2. I would say that Constantine is a quiet “doer” and McGinn is a loud “talker.” Constantine has accomplished a huge amount in his time as executive and has successfully used his position to get his way on the Council, and will be able to point to those accomplishments in the future. Unfortunately McGinn has made a lot of good speeches but hasn’t gotten much done and has not bullied the council in a productive way. I actually like the strong mayor system because it allows a strong executive the leeway to “get stuff done,” and the council acts in more of an advisory role to make sure stuff doesn’t go too far. Right now in Seattle the Council is on top and the Mayor is marginalized, which is not a good way to run government. It ends up being government run by committee. Constantine has been very forceful, especially lately with his strong remarks on the radio against the council (for considering sending the $20 VLF to the voters) and against Kemper Freeman and Tim Eyman.

      3. Gary, I have few problems with Mike McGinn’s positions. It’s his and his team’s complete lack of political acumen, total unwillingness to build consensus, and generally bumbling ways that constitute the problem.

        No, it’s not easy being mayor in our form of government or in this economy. But it is still possible to succeed, and he’s done nothing to make it any easier on himself.

  2. On the Tunnel, I suspect that Dow just doesn’t want to get in front of this issue. It’s a hot potato with the downtown business group and the Seattle voters. So he’s staying far away. It’s a no win situation for the King County Executive.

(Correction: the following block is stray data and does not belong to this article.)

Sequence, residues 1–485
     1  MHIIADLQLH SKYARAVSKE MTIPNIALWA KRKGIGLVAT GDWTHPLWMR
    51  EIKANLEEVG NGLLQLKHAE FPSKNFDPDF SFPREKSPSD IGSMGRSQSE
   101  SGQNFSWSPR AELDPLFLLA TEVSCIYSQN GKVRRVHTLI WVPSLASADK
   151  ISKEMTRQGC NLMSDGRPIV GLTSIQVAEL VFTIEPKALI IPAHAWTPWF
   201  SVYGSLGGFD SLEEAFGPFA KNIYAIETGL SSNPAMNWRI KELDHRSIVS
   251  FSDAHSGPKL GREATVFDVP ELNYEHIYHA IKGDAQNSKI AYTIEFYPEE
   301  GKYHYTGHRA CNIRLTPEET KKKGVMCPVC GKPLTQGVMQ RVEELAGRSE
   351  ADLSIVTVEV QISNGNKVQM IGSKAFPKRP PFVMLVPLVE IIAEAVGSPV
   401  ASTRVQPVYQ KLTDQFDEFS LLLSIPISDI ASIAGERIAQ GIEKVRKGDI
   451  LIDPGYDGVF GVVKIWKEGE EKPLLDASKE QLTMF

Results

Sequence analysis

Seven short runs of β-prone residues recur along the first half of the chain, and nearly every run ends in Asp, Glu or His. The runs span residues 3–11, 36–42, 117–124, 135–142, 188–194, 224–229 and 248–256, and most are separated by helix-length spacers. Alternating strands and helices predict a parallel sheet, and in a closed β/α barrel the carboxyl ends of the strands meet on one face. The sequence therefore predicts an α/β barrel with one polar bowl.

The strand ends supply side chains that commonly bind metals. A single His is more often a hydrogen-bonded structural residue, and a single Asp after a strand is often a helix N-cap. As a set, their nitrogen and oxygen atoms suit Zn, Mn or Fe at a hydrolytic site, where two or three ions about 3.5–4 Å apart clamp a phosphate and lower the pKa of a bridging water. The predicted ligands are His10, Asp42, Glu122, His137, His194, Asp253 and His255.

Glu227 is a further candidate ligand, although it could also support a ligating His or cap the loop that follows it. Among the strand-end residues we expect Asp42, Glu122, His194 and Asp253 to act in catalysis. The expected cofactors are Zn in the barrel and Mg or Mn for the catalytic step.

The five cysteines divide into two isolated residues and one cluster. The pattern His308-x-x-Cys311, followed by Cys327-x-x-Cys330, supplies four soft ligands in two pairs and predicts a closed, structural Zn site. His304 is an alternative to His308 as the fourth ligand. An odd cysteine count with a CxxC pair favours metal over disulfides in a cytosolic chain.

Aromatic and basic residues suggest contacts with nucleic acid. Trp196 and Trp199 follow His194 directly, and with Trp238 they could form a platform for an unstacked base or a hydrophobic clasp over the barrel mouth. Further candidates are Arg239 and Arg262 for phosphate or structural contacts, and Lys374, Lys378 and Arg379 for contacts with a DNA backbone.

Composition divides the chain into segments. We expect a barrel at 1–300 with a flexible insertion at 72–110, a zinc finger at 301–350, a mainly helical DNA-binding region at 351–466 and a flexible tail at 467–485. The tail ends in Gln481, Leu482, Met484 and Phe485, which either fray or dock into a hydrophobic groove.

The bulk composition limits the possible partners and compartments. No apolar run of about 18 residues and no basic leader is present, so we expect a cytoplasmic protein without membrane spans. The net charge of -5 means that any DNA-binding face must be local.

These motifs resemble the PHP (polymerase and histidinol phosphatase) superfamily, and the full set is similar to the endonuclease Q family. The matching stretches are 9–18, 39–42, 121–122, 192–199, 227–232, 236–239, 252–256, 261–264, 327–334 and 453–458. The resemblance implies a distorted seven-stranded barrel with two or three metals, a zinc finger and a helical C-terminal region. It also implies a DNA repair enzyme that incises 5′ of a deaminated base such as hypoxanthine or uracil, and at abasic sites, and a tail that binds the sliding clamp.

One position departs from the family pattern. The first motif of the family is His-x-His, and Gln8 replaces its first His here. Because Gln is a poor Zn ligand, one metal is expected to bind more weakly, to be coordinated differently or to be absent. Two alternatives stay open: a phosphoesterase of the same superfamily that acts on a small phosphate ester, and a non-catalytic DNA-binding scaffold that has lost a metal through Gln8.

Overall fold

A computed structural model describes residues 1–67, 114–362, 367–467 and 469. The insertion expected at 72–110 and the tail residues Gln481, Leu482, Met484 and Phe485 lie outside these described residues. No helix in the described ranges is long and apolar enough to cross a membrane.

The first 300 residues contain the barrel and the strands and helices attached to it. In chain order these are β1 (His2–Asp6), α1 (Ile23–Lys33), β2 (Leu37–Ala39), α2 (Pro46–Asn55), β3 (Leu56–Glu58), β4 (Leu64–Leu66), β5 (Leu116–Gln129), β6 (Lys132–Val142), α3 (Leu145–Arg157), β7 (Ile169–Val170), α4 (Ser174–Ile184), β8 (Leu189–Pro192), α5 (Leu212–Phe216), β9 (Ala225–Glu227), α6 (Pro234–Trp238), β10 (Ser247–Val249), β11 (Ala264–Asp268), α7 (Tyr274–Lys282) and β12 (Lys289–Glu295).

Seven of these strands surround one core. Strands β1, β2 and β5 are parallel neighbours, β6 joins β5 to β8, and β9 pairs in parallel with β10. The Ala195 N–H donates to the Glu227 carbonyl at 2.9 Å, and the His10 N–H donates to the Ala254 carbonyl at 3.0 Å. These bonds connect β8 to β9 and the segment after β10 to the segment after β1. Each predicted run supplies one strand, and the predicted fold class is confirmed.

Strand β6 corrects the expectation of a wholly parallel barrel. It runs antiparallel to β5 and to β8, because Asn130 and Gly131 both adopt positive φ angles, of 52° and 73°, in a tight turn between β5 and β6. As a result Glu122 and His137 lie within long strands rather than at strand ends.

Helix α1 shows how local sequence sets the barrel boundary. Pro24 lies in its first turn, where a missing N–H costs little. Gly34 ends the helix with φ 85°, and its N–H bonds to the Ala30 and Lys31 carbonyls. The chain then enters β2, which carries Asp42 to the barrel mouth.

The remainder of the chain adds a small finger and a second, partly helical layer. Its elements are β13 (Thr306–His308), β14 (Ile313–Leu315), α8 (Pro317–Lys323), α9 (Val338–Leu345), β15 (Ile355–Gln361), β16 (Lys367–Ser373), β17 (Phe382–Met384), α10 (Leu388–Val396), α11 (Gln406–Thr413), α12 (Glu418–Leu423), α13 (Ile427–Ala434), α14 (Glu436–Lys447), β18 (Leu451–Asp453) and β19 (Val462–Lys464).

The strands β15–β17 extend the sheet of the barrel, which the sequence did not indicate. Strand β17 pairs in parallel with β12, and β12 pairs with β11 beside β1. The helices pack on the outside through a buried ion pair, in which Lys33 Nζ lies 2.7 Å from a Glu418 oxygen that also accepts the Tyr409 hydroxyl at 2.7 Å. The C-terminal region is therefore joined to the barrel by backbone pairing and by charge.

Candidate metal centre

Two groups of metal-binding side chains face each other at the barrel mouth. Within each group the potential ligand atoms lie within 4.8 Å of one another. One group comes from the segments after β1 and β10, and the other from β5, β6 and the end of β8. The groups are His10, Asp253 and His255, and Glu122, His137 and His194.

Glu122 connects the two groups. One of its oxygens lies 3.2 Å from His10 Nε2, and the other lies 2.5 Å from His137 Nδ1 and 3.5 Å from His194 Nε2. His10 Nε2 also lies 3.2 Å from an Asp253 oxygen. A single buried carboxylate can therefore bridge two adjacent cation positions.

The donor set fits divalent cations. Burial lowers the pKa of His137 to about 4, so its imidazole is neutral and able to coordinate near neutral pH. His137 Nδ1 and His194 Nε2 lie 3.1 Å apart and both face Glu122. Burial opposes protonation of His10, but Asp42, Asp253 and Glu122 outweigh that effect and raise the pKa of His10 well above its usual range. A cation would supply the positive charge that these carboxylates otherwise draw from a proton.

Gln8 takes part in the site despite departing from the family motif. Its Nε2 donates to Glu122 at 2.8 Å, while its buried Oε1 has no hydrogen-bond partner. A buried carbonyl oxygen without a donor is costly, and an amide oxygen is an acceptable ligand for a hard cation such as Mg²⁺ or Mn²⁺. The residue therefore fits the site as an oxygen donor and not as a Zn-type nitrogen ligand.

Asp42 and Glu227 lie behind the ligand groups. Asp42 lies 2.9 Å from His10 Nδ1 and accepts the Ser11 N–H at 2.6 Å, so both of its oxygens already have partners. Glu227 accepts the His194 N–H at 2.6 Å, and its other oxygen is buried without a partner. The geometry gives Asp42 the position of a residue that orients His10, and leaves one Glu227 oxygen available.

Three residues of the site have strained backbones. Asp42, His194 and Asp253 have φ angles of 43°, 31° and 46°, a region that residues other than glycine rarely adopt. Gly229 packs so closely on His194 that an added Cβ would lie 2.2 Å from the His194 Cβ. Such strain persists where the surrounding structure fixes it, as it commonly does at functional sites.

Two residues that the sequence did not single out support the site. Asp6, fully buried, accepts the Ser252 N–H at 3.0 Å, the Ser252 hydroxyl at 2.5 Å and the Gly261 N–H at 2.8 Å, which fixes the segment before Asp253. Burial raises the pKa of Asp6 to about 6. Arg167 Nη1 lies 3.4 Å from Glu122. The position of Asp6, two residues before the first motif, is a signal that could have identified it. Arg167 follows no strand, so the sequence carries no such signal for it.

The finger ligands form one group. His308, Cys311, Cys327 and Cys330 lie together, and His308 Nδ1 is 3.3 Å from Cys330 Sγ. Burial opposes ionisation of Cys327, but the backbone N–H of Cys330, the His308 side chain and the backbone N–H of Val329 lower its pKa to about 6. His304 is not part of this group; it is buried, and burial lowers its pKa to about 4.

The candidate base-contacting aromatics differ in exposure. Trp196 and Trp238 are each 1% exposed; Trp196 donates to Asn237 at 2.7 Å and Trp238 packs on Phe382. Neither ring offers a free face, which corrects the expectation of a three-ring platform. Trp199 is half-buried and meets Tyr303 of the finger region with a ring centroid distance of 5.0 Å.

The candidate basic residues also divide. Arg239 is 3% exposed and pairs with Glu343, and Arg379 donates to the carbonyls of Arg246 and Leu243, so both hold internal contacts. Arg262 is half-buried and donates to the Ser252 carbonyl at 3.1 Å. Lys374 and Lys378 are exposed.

I’ve heard him speak, and he’s smart and articulate. Probably would make a good governor. But it’ll be 8 years before he has a chance at it. Maybe Murray will retire from the Senate first and he’ll go for that job.

    1. Ok, I take that senate run back. Murray’s term ends in 2013, She’ll be 63, runs one more time, that’s 8 more years. Dow will be 60. He’s better off looking for an open House of Rep. Seat, or an appointment to a Cabinet level job. I can’t see him running for a part time lawmaker’s job in Olympia. And he’s not running this time for Attorney General.

      So here’s hoping he stays satisfied with the King County Exec’s job. Get’s smart on transportation issues and social services and keeps King County working and moving. He could do a lot worse.

      1. Dow’s already been in the legislature. If he goes back to Olympia it will be as Governor. He could also decide to keep running for KC executive like Sims or Spellman.

      2. He seems like a much more natural executive than a legislator. He’s really grown into this role so I would like to see him either stay with the county or move onto either Governor or Mayor of Seattle.

  3. Too bad Mallahan didn’t get elected for Seattle Mayor. I think the two of them working together would’ve brought great things for this region. Maybe if Mark Sidran runs for Mayor…